Kolbe stepped forward and volunteered his life instead of that of Franciszek Gajowniczek,
who had cried out in anguish for his wife and children. Kolbe’s offer was accepted.
He was thrown into the starvation bunker for two weeks and finally given a
lethal injection on 14 August 1941.

The pope came to Auschwitz on Friday to pray in silent memory of Kolbe and the
other 1.1m people the Nazis exterminated there. Jews made up the vast majority-
960,000, including 185,000 children–
but thousands of Polish Catholics, Roma and Soviet prisoners of war were also put to death.

He had signaled his intention to visit the memorial “without speeches, without crowds”.
His simple plan was:
“Alone,
enter,
pray.
And may the Lord give me the grace to cry.”

In the shadows of the cell, his long silence was an eloquent tribute to the suffering of so many and a profound condemnation of evil.
At the end of his prayers, he raised his head, crossed himself,
stood and left.

https://www.theguardian.com/world/2016/jul/29/no-words-as-pope-francis-visits-auschwitz-death-camp-in-silence

“Lord, have pity on your people.
Lord, forgive so much cruelty.”

Pope Francis

The conundrum

“I know that most men, including those at ease with problems of the greatest complexity, can seldom accept even the simplest and most obvious truth if it be such as would oblige them to admit the falsity of conclusions which they have delighted in explaining to colleagues, which they have proudly taught to others, and which they have woven, thread by thread, into the fabric of their lives.”
Leo Tolstoy

“He is fond of enigmas, of conundrums, of hieroglyphics; exhibiting in his solutions of each a degree of acumen which appears to the ordinary apprehension preternatural. His results, brought about by the very soul and essence of method, have, in truth, the whole air of intuition.”
Edgar Allen Poe

DSCN0342
(an ancient wall to St Kevin’s Monastery, Glendalough National Park, County Wicklow, Ireland / Julie Cook / 2015)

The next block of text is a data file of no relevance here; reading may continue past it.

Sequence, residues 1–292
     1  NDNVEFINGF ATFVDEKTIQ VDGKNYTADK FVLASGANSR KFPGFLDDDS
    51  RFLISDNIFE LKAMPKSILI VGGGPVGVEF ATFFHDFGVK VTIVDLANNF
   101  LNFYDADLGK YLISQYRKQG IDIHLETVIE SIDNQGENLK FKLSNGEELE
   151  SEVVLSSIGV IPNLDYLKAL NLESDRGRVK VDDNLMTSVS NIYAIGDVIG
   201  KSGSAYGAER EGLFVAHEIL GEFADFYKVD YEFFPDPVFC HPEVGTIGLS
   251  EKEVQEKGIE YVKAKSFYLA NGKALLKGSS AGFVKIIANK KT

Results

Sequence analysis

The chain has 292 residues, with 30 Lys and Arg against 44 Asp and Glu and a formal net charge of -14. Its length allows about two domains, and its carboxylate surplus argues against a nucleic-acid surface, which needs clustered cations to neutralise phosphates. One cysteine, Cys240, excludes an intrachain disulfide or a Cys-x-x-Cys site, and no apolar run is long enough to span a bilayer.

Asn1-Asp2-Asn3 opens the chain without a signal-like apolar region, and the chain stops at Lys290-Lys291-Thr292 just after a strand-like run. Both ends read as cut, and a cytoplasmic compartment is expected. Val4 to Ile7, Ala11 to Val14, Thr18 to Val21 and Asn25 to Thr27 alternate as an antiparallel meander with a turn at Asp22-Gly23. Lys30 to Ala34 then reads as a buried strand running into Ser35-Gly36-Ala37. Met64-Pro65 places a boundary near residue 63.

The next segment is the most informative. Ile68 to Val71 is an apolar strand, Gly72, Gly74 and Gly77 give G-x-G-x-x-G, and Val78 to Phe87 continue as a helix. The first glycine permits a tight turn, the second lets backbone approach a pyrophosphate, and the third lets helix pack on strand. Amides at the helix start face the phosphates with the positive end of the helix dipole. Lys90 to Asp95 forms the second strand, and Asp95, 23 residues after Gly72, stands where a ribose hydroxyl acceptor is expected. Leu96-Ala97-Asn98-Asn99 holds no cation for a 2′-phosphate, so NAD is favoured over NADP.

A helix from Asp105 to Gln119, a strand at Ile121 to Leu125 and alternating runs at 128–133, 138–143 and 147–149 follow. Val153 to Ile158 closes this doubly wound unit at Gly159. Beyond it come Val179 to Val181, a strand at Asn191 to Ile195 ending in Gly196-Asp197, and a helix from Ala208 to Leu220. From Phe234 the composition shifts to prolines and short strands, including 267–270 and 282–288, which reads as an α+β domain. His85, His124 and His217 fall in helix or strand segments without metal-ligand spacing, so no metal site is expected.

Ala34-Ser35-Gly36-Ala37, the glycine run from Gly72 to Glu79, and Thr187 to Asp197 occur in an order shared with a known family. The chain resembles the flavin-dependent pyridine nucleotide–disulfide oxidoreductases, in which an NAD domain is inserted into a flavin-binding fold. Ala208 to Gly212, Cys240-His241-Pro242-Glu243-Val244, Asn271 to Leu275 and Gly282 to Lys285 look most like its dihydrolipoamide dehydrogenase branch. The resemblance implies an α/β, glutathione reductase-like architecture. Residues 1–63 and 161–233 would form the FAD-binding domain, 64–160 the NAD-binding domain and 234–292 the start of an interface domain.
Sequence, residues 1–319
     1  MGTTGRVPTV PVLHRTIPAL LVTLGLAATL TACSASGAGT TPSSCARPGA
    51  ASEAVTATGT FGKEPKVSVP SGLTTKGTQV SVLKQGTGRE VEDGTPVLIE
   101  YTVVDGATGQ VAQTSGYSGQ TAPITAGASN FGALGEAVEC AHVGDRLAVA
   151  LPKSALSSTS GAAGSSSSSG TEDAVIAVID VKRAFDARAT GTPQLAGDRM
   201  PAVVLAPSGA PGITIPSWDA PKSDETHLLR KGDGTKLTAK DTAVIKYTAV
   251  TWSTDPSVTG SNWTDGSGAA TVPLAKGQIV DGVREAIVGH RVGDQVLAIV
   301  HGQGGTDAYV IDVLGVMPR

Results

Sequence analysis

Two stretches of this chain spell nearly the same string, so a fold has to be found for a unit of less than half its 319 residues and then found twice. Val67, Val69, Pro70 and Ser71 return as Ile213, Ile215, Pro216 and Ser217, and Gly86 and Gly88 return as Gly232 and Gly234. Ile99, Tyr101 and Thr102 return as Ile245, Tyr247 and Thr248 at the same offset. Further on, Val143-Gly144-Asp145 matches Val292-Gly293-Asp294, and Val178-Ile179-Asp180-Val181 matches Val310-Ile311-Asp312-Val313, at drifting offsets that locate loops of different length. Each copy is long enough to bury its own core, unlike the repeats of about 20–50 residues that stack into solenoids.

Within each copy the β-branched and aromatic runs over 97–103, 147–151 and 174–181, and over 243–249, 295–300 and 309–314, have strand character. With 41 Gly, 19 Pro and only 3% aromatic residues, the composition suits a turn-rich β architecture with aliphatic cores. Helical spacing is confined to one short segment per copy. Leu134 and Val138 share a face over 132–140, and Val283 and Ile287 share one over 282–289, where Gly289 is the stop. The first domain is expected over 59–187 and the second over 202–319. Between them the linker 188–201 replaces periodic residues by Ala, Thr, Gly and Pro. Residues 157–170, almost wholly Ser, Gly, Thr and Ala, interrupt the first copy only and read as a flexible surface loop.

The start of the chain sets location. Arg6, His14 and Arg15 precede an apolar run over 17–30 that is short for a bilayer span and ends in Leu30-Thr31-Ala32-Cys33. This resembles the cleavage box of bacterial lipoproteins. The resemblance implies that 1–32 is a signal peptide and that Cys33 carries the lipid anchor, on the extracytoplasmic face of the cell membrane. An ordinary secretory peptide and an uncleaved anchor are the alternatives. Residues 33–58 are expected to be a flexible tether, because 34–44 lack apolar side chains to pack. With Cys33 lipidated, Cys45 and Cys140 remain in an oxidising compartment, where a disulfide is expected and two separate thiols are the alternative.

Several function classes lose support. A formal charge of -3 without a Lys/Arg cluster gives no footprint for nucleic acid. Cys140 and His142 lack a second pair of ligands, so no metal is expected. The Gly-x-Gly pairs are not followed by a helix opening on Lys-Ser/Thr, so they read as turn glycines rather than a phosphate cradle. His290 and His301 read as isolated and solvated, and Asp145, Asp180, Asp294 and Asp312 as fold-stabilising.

“We live in dangerous times…”

And yet what individual, throughout the course of humankind, has not waxed the same morose sentiment?
Has not our history on this planet been steeped in danger…albeit it primarily of our own making?

Today is no different than of perilous ages past.

Having read several articles in recent weeks, with the latest being today while perusing the BBC, as well as The Guardian, I have noted with rising alarm the palpable fear amongst many French Jews, most recently of those living in the southern port city of Marseille—France’s 2nd largest city that has the second largest French Jewish population after Paris.

In recent years many of France’s cities have seen a wave of rising violence, with many of the incidents directed toward French Jews. Marseille is the latest city in a long list of cities to witness attacks directed at her Jewish population with the most recent being carried out by a machete wielding 15 year old Kurdish Muslim boy against a male Jewish teacher. The boy, who succeeded in slashing the man’s back and arms, when apprehended lamented his shame in having failed at killing the teacher but was proud of his attempt. A student with good grades and a stable family who had come to France 5 years ago with his family from Turkey proclaimed that he had acted in the name of Allah and IS.

Such recent attacks have prompted French Jewish leaders to issue warnings to those men who choose to wear the traditional kippa, otherwise known as a skullcap. A telltale distinct indication of a more devout Jew.

France lives with the painful memory of the dark days of WWII when a compliant French government agreed to the Nazi “request” of rounding up and deporting her Jewish population–who were to be “interred” at “detention centers” (aka death camps) in Germany and Poland. More than 75,000 Jews were shipped out of France.